The key features we need to create our drawing machine are a pair of variable speed motor drives and an armature to move the pen across the paper. The two drives rotate at different speeds, pushing the armature (and the connected pen) along a repeating, yet slightly changing path.
There are nearly limitless ways to do this with LEGO blocks and Technics parts. You can adapt this to work with parts you have on hand, or follow these instructions to build one that uses very few parts, most of them easily obtainable in a moderate sized Technics set and a few pick-a-bricks.
This gear reduction section is the key to slowing down the fast motion of the TT motor and increasing the torque. Without this, the machine would draw way to fast, get out of control, and probably tear itself to pieces! You can use actual gears to accomplish this, but pulley wheels and belts are easier to connect, more forgiving of slop, and dampen the motion a bit.
Watch this video for a CG timelapse build of the parts.
This video provides step-by-step build info.
If you'd like to take a close look at the model, download the files below and open them in Lego Digital Designer or any LDraw compliant program!
This is the Bill of Materials (BOM) for the parts used:
Most of these parts can be found in any larger Technic-based kit. If you have any trouble finding certain parts, you have a few choices. First, search for them on the LEGO Pick-a-Brick site or at a LEGO store.
If you have access to a 3D printer, you can 3d print them -- just search for the part on a 3D model hosting site such as Thingiverse. Here's a very nice looking collection of the key components.
You can also purchase them on an aftermarket brick site, such as Bricklink.
Following the video build instructions above, build the base of the machine. The two stacks hold the axles for the drive and the gear reduction pulleys, which will be connected to the TT motor later.
Again, following the build instruction video, make the scissor armature as shown. You can then set it onto the two drives with the short axles. You can use pegs, but this makes it harder to lift the arm on and off, which you'll do every time you want to cap your pen!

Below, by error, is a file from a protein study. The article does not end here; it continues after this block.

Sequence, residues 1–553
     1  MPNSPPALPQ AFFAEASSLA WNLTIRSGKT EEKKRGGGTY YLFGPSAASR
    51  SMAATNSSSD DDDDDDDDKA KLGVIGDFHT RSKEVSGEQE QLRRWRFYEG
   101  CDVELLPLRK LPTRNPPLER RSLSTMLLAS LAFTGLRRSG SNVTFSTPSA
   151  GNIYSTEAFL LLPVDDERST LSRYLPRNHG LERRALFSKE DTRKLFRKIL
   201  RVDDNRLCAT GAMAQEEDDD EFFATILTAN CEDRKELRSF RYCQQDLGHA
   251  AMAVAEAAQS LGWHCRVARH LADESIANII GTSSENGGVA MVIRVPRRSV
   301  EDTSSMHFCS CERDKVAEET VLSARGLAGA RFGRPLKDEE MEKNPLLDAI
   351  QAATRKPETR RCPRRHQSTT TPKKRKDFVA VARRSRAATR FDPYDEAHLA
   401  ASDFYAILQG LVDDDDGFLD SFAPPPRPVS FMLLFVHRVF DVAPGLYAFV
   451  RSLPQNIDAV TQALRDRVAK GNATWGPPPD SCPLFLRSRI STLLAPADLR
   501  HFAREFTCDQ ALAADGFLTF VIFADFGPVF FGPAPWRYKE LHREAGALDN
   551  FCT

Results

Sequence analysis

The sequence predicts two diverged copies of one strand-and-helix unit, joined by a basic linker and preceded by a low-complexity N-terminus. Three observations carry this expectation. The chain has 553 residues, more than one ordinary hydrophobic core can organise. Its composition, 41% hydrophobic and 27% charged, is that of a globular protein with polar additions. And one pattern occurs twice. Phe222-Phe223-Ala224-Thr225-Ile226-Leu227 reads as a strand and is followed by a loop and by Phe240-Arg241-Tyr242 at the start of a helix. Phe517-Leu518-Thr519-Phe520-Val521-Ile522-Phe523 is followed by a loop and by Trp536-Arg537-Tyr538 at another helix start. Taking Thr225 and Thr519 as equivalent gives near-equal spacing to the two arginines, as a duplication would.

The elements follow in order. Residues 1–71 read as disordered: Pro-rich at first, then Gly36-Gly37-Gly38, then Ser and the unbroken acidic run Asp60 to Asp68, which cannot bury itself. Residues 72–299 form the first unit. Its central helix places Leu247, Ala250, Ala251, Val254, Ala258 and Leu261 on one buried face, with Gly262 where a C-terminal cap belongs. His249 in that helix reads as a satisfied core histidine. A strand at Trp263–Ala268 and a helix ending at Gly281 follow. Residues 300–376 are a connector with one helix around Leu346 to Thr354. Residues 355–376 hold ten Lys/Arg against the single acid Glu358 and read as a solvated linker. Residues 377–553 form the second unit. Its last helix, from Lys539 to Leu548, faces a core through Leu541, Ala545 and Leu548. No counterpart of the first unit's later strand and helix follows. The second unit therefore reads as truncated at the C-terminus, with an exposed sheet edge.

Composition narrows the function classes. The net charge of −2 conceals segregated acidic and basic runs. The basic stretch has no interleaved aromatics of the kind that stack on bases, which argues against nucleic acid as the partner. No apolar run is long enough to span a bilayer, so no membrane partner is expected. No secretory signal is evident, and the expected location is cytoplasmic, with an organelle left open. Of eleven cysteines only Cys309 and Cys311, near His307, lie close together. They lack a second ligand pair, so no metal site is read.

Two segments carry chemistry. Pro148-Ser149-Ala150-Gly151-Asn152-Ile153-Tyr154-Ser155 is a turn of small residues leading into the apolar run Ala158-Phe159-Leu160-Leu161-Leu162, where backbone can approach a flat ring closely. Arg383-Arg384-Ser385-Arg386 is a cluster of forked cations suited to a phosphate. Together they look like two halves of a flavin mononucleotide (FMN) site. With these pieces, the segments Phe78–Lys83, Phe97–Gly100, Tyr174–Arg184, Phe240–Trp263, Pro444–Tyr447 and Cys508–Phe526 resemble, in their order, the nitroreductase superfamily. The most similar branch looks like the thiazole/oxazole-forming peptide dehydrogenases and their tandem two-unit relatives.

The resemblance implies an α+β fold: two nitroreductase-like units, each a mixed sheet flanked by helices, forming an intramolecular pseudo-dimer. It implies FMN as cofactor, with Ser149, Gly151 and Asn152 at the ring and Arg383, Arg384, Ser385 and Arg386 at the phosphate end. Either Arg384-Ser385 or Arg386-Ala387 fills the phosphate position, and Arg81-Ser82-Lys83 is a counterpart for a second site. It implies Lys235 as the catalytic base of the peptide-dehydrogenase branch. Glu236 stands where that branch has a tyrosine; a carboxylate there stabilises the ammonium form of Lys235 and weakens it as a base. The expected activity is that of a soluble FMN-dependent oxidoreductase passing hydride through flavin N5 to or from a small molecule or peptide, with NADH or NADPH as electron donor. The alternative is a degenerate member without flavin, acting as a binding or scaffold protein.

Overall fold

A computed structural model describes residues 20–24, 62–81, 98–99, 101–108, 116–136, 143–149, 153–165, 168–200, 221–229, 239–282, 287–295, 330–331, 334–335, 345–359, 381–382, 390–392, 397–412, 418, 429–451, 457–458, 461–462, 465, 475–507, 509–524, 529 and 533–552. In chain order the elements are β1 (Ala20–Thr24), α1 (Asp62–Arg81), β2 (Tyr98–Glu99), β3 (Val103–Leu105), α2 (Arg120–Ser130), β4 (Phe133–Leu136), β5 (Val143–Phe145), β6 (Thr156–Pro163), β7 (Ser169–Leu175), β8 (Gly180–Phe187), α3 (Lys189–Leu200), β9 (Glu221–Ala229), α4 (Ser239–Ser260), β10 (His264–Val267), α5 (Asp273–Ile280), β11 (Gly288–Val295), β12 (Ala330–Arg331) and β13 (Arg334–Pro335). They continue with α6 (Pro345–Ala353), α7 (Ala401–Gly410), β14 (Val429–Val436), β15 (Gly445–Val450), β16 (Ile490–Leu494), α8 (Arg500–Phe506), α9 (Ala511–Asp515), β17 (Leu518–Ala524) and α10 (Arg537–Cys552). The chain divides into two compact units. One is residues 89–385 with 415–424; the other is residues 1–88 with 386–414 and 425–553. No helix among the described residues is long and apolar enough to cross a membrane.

In order to introduce our Crickit controlled TT motors into the world of LEGO, we'll need to do two things:
- Mount the TT motor chassis to a 2x2 flat tile
- Adapt the motor shaft to LEGO cross axle
TT to LEGO Tile Mount
Some LEGO purists will dislike this next step, and for that we are sorry. But one of the best ways to bridge the worlds of electronics and LEGO is to sacrifice some tiles and glue them to your non-LEGO parts!
Now, this motor can attach to the baseplate of the drawing machine -- or any other LEGO for that matter!
Adapt the Shaft
This couldn't be easier -- simply press fit the LEGO cross axle adapter onto the shaft!
Now, it's ready to connect to any cross axle compatible part, such as gears, wheels, pulleys, and half bushings, such as the one shown here that we'll use to drive the machine.
Mount the Motors to the Base
This step is optional, but very stylish! You can 3D print (or have 3D printed by a company) a Crickit-to-LEGO plate using the instructions in this tutorial. I'm using only the lego-base-plate-tubes.stl part here, and then connecting it with M2.5 nylon screws and standoffs.
The pen needs to be connected securely to the armature. You can place it in the holder and then wrap rubber bands or Technic belts around it to hold it tightly in place.
Now, plug in the 5V 2A power plug to the Crickit and get ready to program the Circuit Playground Express in MakeCode!